How to change default umask values permanently in Linux(RedHat/CentOS 7/8)

In this article, I will take you through different ways using which default umask values can be permanently changed in Linux. umask is an important needs to be set on Linux Based Systems which further decides the files and directories permission during its creation. Hence it is a important topic to understand what is umask, how it actually works and how one need to set umask value properly in his/her system to avoid any Security Vulnerability.

What is UMASK

UMASK is known as User Mask which is responsible for deciding permissions on files and directories that gets created.

Default UMASK Values for Files and Directories

In most of the systems you will see a default umask value of 0022 for all files and directories.

How to Calculate Files and Directories Permissions Based on UMASK Value

As you might be aware, base permission of a file is 0666 and base permission of a directory is 0777. Hence final permission of files and directories will get calculated from this base permission values. If umask is set to 0022 in the system, then creating a file and directories will have below permission.

For Files : 0666 – 0022 = 0644

For Directories: 0777 – 0022 = 0755

If umask is set 0032, then creating file and directories will have below permission.

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For Files: 0666 – 0032 = 0634

For Directories: 0777 – 0032 = 0745

What is the Recommended UMASK Value

To enable security features and safeguard your system from unnecessary file and directory creation it is recommended to use umask value of 0027.

NOTE:

Please note that I am using centos user to run all the commands here. Hence all the umask value I am setting here will only get set for centos user.

 

How to change default umask values permanently in Linux(RedHat/CentOS 7/8) 1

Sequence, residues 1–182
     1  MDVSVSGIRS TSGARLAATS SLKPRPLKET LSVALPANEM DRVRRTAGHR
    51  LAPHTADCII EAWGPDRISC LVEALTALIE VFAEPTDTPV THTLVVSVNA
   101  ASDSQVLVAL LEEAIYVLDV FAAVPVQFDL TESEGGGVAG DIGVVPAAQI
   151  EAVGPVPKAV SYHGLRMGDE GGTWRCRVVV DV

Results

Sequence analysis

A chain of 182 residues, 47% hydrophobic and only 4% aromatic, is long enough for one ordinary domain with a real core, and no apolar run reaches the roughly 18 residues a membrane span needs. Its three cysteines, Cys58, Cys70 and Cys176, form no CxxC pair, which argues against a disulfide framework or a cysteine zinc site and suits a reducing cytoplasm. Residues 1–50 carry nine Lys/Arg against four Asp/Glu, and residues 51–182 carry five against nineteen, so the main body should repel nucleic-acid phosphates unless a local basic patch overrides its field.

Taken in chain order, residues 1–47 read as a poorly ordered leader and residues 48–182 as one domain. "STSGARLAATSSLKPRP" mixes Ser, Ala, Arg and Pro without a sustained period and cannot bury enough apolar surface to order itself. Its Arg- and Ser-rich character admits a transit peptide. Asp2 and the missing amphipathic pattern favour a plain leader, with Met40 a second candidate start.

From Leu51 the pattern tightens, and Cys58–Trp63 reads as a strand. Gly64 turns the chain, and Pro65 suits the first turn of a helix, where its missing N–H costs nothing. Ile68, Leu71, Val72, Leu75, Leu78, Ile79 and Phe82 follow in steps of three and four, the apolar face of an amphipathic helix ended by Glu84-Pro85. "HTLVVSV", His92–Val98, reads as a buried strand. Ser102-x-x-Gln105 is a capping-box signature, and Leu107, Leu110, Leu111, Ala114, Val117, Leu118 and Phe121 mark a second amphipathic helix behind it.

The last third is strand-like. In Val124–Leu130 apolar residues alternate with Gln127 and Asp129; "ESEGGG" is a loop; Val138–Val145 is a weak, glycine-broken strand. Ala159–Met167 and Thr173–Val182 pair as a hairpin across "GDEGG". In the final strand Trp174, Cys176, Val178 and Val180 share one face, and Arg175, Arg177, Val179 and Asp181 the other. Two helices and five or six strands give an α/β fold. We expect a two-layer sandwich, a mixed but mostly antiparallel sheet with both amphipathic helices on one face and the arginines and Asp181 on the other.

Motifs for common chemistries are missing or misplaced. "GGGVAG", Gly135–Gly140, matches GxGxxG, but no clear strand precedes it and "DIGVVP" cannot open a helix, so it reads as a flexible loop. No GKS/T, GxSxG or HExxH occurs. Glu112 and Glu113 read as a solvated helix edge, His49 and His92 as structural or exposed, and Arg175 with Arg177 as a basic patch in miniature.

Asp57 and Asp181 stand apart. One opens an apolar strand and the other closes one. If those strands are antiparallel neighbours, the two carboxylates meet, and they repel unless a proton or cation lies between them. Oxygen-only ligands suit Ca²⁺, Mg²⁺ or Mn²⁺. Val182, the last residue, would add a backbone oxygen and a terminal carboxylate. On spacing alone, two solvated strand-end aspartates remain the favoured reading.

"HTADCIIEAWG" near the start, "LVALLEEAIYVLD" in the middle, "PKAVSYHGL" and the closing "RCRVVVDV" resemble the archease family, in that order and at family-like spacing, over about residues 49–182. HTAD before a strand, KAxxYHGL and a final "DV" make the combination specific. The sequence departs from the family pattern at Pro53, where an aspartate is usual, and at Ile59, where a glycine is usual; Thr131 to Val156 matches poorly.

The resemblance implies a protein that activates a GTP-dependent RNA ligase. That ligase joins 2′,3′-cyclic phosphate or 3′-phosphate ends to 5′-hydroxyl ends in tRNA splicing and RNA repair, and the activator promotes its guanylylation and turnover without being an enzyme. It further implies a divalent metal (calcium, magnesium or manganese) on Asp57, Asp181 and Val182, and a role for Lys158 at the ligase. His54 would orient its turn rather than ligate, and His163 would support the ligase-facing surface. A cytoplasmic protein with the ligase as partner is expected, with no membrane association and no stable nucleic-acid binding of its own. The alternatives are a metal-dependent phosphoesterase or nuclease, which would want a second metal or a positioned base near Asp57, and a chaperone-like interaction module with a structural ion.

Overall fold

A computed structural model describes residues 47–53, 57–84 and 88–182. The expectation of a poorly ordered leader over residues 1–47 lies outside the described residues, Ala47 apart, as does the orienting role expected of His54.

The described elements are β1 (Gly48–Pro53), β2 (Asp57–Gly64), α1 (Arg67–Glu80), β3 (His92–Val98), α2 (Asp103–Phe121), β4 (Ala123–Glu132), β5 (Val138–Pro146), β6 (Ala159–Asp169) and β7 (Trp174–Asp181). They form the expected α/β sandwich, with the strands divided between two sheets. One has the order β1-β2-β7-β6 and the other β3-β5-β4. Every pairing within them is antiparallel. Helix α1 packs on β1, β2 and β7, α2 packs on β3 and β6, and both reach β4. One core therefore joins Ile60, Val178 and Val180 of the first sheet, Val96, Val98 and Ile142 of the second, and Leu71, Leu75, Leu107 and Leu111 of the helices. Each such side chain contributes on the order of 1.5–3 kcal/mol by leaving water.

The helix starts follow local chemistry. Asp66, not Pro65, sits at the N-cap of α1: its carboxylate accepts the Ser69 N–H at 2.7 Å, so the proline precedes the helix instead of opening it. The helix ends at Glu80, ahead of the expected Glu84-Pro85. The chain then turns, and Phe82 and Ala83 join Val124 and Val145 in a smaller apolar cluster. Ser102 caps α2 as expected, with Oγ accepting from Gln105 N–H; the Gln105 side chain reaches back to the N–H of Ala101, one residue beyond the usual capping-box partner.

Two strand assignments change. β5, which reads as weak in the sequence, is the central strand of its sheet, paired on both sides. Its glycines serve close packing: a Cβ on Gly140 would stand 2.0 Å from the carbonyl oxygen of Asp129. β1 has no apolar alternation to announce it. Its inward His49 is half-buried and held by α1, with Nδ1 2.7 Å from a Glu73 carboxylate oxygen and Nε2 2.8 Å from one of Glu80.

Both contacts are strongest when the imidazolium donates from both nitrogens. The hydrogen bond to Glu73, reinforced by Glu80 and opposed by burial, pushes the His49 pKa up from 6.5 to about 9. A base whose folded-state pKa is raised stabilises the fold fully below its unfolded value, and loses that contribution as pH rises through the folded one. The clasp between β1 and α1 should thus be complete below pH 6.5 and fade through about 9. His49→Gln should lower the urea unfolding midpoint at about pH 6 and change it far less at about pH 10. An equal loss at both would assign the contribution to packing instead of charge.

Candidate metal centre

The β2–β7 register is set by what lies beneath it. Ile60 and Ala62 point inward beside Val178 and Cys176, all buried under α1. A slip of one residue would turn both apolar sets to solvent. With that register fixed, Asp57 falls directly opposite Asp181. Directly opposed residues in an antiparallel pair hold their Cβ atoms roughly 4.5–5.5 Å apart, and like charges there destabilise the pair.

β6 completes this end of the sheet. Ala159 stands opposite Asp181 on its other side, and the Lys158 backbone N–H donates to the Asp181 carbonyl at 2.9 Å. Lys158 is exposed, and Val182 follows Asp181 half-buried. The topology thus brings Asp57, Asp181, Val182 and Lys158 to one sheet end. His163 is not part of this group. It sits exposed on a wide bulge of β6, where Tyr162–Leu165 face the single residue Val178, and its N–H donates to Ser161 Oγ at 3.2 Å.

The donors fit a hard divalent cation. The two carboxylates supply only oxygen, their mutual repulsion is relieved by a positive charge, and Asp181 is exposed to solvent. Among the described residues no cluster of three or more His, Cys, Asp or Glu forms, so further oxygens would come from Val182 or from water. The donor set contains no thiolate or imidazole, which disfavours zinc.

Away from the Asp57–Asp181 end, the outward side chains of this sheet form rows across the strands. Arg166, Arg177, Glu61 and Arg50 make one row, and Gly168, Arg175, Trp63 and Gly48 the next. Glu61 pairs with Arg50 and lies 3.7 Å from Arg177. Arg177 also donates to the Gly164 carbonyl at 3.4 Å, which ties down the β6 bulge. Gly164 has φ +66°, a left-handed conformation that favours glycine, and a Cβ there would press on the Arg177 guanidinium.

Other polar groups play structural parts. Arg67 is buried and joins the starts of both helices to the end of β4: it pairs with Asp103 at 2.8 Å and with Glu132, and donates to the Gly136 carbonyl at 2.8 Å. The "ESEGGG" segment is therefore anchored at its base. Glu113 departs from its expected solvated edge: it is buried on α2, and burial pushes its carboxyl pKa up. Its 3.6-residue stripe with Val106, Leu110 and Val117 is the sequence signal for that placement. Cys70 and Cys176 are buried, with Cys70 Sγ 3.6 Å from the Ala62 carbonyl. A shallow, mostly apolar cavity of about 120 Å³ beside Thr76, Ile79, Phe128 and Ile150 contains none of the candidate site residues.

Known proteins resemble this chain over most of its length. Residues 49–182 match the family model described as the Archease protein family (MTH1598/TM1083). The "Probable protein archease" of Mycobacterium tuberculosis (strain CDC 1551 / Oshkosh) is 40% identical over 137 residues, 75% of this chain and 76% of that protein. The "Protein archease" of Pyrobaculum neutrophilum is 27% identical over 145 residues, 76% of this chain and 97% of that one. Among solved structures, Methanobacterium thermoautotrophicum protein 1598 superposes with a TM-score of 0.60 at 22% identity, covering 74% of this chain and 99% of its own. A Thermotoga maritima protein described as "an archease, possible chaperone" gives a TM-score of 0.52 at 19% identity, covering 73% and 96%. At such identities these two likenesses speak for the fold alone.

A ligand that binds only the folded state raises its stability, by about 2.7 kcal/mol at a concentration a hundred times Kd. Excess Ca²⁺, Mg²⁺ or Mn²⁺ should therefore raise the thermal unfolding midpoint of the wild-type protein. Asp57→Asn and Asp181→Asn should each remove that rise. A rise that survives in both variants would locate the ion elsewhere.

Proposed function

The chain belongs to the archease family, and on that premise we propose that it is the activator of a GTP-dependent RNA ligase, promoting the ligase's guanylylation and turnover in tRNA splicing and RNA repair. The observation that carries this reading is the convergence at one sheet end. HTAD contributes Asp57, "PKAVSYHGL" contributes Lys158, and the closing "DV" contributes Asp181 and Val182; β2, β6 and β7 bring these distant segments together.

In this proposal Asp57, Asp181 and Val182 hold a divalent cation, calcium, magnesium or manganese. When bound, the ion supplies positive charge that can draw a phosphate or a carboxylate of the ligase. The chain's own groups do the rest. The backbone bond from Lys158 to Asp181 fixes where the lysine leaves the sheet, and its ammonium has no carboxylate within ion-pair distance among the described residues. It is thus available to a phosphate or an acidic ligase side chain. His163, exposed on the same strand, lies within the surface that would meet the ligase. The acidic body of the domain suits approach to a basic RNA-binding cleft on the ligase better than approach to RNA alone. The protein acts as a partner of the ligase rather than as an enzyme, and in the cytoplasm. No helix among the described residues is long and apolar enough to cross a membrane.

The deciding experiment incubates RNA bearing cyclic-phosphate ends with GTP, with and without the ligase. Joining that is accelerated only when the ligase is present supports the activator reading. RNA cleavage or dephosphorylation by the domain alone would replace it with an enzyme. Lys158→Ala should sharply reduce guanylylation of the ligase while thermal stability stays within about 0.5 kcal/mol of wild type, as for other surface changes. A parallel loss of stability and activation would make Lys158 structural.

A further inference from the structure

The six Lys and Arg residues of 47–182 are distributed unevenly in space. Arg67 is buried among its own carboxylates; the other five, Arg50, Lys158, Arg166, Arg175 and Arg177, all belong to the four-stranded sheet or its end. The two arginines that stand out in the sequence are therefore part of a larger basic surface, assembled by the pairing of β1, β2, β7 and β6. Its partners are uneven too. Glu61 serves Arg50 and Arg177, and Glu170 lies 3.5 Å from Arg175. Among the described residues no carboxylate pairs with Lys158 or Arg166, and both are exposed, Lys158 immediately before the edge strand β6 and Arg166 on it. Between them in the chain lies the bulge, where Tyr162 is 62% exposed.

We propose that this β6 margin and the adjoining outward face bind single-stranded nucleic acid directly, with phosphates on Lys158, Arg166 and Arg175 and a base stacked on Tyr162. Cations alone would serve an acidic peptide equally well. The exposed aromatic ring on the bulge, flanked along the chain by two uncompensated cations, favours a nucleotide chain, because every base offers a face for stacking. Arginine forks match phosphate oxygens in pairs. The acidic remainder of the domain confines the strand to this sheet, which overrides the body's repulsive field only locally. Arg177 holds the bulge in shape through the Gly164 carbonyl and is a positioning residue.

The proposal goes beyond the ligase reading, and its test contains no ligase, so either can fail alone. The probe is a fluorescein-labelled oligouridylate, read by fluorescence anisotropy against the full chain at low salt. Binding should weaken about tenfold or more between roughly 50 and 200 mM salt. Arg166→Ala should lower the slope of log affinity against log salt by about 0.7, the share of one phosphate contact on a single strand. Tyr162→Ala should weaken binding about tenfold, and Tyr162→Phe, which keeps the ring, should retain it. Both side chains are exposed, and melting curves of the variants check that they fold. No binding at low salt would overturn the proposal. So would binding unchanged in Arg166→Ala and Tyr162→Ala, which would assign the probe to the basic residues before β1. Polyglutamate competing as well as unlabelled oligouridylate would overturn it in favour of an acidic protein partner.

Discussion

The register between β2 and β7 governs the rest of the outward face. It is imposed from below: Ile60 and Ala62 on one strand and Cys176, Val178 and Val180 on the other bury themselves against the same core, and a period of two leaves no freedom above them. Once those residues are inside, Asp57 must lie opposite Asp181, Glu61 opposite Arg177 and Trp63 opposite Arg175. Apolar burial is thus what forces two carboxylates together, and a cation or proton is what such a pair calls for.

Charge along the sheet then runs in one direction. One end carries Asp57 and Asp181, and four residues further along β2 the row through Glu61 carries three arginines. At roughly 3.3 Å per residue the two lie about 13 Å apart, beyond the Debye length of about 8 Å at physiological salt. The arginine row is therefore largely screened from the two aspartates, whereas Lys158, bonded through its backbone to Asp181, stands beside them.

Change umask value on Linux

There are two different ways through which you can change umask values.

1)Temporary Change in umask value

In this method, umask will changed only when the session is active. First you need to check the current umask values by running umask command as shown below. Please note that umask value might be different for different user depends on current value set.

[centos@localhost ~]$ umask
0022

Check the current logged in user by running id command.

[centos@localhost ~]$ id
uid=1000(centos) gid=1000(centos) groups=1000(centos) context=unconfined_u:unconfined_r:unconfined_t:s0-s0:c0.c1023

Now change the umask value to 0002 by running umask 0002 command as shown below.

[centos@localhost ~]$ umask 0002

Check again the umask value to confirm if it is changed.

[centos@localhost ~]$ umask
0002

Let’s create a file and a directory to confirm if indeed umask value of 0002 is working or not. First we will create a file with the command touch file.txt.

[centos@localhost ~]$ touch file.txt
[centos@localhost ~]$ ls -lrt
total 0
-rw-rw-r--. 1 centos centos 0 Apr 26 20:42 file.txt

Now we will create a directory test and check the permission.

[centos@localhost ~]$ mkdir test
[centos@localhost ~]$ ls -ltrd test
drwxrwxr-x. 2 centos centos 6 Apr 26 20:43 test

2)Permanent Change in umask value

In this method even after exiting from current session or after restarting the system umask values will not change.

[centos@localhost ~]$ umask
0022

Check the current logged in user by running id command.

[centos@localhost ~]$ id
uid=1000(centos) gid=1000(centos) groups=1000(centos) context=unconfined_u:unconfined_r:unconfined_t:s0-s0:c0.c1023

Now change the umask value to 0002 in ~/.bash_profile file as shown below.

[centos@localhost ~]$ vi ~/.bash_profile

umask 0002

Press Esc. Save and Exit by writing :wq!

Then either restart your system or just log out and login to read bash_profile file again during login and then check again the umask values to confirm if it is changed.

[centos@localhost ~]$ umask
0002

Here also we will verify the permission by creating a file and a directory to confirm if umask values of 0002 is changed or not. First we will create a file with the command touch file.txt just like above.

[centos@localhost ~]$ touch file.txt
[centos@localhost ~]$ ls -lrt
total 0
-rw-rw-r--. 1 centos centos 0 Apr 26 20:42 file.txt

Above file shows permission of 664 which confirms umask is working correctly. Now we will create a test directory and check the permission.

[centos@localhost ~]$ mkdir test
[centos@localhost ~]$ ls -ltrd test
drwxrwxr-x. 2 centos centos 6 Apr 26 20:43 test

Above directory shows a permission of 775 which confirms the umask values of 0002 is working correctly.

You can also change the umask value from .bashrc using below steps. Add umask 0032 at the end of ~/.bashrc file as shown below.

[centos@localhost ~]$ vi ~/.bashrc

umask 0032

Like above, here also either you can logout and login or restart your system to permanently apply the changes. Check the umask values again after login to the system.

[centos@localhost ~]$ umask
0032

 

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